Posts Tagged ‘idiot’

Restoring a wiped out dpkg status file

2009.08.13 18:23 by Leo Antunes - 6 Comments

UPDATE: Nevermind, nothing to see here, move along… Steve Kemp helpfully pointed out to me the obvious thing I had missed: status-old isn’t the only backup, there’s /var/backups/dpkg.status.*! Oops… doubly stupid.

After seeing madduck’s post and feeling my dpkg was certainly not as quick as it used to be, I decided to try the suggested status-file cleanup.

Since madduck is an old-time Debian developer (actually just one year longer than I am, but certainly way more active) I just assumed he’d have better understanding of dpkg’s inner workings than I do, so I blindly – and wrongly – copy-pasted his code and managed to erase my dpkg status file.
No backups were made out of sheer trust-induced stupidity and the status-old file was somehow also nuked, probably because of something I ran before noticing the problem.

It’s obviously not his fault that I didn’t pay attention to what I was doing, but by then I had royally messed up my machine, basically nuking dpkg, so I had to come up with this ugly little script to try and rebuild the status file.
If someone else managed to do the same absurd mistake, this could help.

#!/bin/bash
 
ls -1 /var/lib/dpkg/info/*.list | sed -r 's/.*\/(.*).list$/\1/' | while read PACKAGE; do 
	echo Package: $PACKAGE
	if [ -d /usr/share/doc/$PACKAGE ]; then 
		if [ -f /usr/share/doc/$PACKAGE/changelog.Debian.gz ]; then
			VERSION=`zcat /usr/share/doc/$PACKAGE/changelog.Debian.gz | head -1 | sed -r 's/.*\((.*?)\).*/\1/'`
		elif [ -f /usr/share/doc/$PACKAGE/changelog.Debian ]; then # downfall of the ia32-* hack
			VERSION=`head -1 /usr/share/doc/$PACKAGE/changelog.Debian | sed -r 's/.*\((.*?)\).*/\1/'`
		elif [ -f /usr/share/doc/$PACKAGE/changelog.gz ]; then
			VERSION=`zcat /usr/share/doc/$PACKAGE/changelog.gz | head -1 | sed -r 's/.*\((.*?)\).*/\1/'`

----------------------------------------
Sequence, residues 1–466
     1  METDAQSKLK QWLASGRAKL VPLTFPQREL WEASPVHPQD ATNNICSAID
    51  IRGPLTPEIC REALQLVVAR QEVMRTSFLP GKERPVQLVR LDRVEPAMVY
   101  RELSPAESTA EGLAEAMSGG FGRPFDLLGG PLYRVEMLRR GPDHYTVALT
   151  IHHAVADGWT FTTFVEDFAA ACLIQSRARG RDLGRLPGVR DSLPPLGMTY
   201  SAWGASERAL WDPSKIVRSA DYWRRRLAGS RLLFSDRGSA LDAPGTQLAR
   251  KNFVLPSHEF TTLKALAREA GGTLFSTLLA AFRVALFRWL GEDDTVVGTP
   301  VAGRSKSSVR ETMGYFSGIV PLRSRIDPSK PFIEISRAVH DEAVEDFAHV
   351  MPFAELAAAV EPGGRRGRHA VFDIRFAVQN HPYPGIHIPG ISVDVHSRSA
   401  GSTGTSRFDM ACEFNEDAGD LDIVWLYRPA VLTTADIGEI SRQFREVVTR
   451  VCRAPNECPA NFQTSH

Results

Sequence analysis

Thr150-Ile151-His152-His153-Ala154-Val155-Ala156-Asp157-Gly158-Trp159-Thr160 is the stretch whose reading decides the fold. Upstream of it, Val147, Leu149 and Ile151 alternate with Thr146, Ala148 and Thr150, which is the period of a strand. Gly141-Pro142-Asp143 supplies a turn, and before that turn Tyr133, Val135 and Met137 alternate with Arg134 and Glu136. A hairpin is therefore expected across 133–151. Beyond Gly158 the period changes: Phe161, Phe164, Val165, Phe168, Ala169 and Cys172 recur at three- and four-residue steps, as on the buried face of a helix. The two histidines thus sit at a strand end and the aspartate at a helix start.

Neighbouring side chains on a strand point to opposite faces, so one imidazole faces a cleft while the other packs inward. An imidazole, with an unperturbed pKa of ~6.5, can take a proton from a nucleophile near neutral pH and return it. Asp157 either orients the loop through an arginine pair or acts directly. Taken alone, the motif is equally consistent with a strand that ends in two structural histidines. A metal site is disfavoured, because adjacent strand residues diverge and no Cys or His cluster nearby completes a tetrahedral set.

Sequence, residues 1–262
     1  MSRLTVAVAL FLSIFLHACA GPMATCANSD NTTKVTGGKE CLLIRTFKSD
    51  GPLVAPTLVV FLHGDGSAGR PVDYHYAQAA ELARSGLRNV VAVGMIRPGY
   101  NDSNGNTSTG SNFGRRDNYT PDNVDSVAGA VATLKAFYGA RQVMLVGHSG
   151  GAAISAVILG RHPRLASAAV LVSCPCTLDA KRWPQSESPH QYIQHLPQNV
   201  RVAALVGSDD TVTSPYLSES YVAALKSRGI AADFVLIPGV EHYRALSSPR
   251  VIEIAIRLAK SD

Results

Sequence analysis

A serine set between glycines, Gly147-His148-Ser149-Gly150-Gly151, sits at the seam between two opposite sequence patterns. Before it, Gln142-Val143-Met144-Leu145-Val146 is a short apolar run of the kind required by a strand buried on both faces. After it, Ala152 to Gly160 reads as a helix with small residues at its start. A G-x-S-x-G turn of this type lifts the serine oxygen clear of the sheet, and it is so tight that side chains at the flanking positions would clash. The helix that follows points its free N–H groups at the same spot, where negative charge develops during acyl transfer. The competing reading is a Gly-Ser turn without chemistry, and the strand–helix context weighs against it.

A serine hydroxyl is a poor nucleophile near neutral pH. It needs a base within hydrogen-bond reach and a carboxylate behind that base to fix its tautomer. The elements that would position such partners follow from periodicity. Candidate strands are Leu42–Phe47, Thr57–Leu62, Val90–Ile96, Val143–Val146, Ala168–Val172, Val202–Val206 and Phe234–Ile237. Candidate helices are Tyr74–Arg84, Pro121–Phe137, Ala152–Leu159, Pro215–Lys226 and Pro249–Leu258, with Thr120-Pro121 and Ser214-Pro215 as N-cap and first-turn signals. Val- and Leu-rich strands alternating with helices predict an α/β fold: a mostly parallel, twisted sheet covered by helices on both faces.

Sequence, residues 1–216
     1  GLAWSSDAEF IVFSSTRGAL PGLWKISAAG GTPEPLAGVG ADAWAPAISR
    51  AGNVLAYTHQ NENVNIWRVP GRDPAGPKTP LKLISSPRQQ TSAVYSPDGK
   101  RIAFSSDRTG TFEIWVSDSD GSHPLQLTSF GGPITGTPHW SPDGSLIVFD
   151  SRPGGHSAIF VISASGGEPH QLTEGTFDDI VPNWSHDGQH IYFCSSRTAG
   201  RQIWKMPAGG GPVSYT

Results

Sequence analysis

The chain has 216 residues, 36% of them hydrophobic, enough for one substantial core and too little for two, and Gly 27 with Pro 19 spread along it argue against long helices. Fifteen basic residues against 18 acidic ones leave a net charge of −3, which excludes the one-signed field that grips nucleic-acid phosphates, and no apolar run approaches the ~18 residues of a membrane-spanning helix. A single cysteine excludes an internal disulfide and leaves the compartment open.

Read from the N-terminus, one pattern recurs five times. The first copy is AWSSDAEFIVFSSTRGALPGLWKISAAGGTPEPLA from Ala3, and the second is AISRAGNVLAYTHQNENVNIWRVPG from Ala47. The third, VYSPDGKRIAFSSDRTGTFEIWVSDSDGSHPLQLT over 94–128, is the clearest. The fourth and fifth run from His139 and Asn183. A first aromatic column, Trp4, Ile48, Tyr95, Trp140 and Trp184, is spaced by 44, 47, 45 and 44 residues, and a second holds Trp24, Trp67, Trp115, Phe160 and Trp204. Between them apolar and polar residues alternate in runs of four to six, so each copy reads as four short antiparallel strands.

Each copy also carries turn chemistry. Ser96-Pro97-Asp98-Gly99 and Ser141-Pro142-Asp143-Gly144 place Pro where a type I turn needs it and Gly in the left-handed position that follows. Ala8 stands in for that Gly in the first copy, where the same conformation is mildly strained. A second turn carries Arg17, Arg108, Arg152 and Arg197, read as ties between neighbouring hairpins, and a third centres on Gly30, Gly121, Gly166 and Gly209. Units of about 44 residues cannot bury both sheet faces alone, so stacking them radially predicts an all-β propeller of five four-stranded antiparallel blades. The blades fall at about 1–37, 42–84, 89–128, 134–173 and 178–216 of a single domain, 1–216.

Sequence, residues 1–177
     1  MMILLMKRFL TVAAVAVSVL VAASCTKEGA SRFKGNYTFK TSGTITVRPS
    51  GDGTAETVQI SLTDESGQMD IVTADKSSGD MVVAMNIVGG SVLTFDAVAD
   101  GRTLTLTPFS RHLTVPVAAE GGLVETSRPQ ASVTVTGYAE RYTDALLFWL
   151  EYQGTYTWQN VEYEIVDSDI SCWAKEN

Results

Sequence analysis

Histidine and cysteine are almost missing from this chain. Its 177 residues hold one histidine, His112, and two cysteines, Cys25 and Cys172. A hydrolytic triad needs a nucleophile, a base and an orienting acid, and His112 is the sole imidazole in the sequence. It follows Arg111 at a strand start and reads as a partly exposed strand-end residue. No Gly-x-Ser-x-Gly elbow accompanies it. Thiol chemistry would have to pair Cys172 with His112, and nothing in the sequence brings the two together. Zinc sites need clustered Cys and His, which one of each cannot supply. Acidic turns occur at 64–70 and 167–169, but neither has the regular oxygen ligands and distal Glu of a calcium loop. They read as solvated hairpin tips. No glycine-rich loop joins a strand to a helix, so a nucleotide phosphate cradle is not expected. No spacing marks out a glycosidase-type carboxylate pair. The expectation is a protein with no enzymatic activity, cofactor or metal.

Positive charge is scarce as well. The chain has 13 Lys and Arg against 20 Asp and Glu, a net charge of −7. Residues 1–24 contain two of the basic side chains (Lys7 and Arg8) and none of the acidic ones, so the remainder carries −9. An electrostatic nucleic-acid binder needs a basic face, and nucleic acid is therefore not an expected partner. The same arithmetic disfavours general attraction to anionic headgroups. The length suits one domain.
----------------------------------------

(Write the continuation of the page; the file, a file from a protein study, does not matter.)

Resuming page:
else
			VERSION=0 # force upgrade, probably locally-built
		fi
 
		echo Status: install ok installed
		echo Version: ${VERSION}
		STRIP_FIELDS="Version|Package|Size|Filename|MD5sum|SHA1|SHA256|Tag|Task"
		CONFFILES_LIST=conffiles
	else
		echo Status: deinstall ok config-files
		STRIP_FIELDS="Package|Size|Filename|MD5sum|SHA1|SHA256|Tag|Task"
		# in this case we treat all remaining files as conffiles
		# (if there are no docs, there's no .conffiles either)
		CONFFILES_LIST=list
	fi
	if [ -s /var/lib/dpkg/info/${PACKAGE}.${CONFFILES_LIST} ]; then
		echo Conffiles:
		cat /var/lib/dpkg/info/${PACKAGE}.${CONFFILES_LIST} | while read CONFFILE; do
			if [ -f $CONFFILE ]; then
				echo " $CONFFILE `md5sum $CONFFILE | awk '{ print $1 }'`"; 
			fi
		done
	fi
	# "grep-available --invert-show" doesn't work as expected, so we grep the fields out
	(grep-aptavail --mmap -P $PACKAGE -X || (echo package $PACKAGE not found, leaving minimal entry 1>&2 ; echo -e "Version: 0+borkdstatus\n")) | grep -Ev "^($STRIP_FIELDS):"
done

Known limitations:

  • Needs root access to create some conffile md5sums
  • Can’t detect virtual packages, like nvidia-kernel-* stuff and probably everything created with module-assistant. A reinstall of the created packages in /usr/src/*.deb should suffice
  • Some packages do some version black-magic in the changelog (gcc-defaults comes to mind). I couldn’t find a better way to get the actual installed version, but a dist-upgrade after restoring the file should just re-install the affected packages.
  • Won’t correctly detect packages in an intermediary state like “unpacked, but not configured” (haven’t tested this)
  • Can’t detect purged packages at all, though this shouldn’t be a problem

Did I miss something? Is there a tool or a dpkg option that does this in a smarter/easier way?

Learning to read

2008.11.18 00:57 by Leo Antunes - 0 Comment

I’m gonna [flock of crows] you and your whole family!

I consider myself a pretty good English speaker, so it murders me (ha!) to admit I didn’t know that particular meaning. Some less common words, sure, those are quite likely to have some unknown or obscure semantic gotcha, but new meanings to common words are a genuine surprise when they come along.

There is this feeling in the back of my head that I might have seen this already, reading some book, and forgotten about it later, or maybe I just glossed over my faulty comprehension telling myself I was too stupid to understand the literary genius and subtlety of the author. That seems to happen pretty often.

The question remains whether the language influenced the cultural association from crows and bad omens or the other way around. Or perhaps it’s just a freak coincidence.
It’s times like this I wish I had a nice etymological dictionary.